Stream Energy has made philanthropy an intrinsic part of its corporate philosophy. Its desire to help others has always been important to the Dallas-based company, but its specific goals were greatly enhanced with the creation in 2016 of its Stream Cares Foundation.
American corporations are known for their altruism, with businesses donating nearly $20 billion to the charities of the world in 2016 alone. In addition to direct donations, corporate sponsorships and employee donations have helped countless causes in the United States and elsewhere. Among states, however, Texas is not known for its generosity. Stream Energy is attempting to change this through a series of philanthropic activities.
— Stream (@MyStreamSocial) October 25, 2018
Some assistance is directed at other parts of the country, although much is concentrated within the borders of Texas. This was the case when Hurricane Harvey inundated Houston with more than 50 inches of rain in August 2017. Stream Energy soon arrived to offer assistance to those affected, using its funds to speed recovery efforts and to reduce the costs of customers who lived in the area. The previous year, the company was involved in the aiding of tornado victims in Texas.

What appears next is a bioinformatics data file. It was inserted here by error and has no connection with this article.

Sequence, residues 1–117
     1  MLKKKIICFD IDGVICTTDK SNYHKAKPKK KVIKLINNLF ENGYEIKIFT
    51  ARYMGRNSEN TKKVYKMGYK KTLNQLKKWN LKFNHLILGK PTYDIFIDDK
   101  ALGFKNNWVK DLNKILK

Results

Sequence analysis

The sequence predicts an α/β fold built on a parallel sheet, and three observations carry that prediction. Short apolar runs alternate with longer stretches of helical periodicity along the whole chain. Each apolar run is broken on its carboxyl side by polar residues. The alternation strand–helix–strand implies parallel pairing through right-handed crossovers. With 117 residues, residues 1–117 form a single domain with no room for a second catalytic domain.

Humanitarian assistance is often needed outside the sphere of natural disasters. Concern over the homeless crisis in Dallas prompted Stream Energy to launch a partnership with Hope Supply Co., which is known for providing needy children with clothing and other necessary items. Working together, the two firms sponsored a “Splash for Hope” event, giving more than 1,000 homeless children a chance to visit a water park.
Stream Energy is also committed to helping those in uniform and military families, with its “Operation Once in a Lifetime” providing financial and personal assistance to veterans living in the Dallas area and its “American Girl Doll Experience” program directed at the daughters of American service personnel.
Established in 2005 by Rob Snyder and Pierre Koshakji, Stream Energy provides energy and related services to seven states, including Texas, and to the District of Columbia. It employs direct sales principles, with company representatives being paid by commission and also selecting which charitable cause to receive assistance.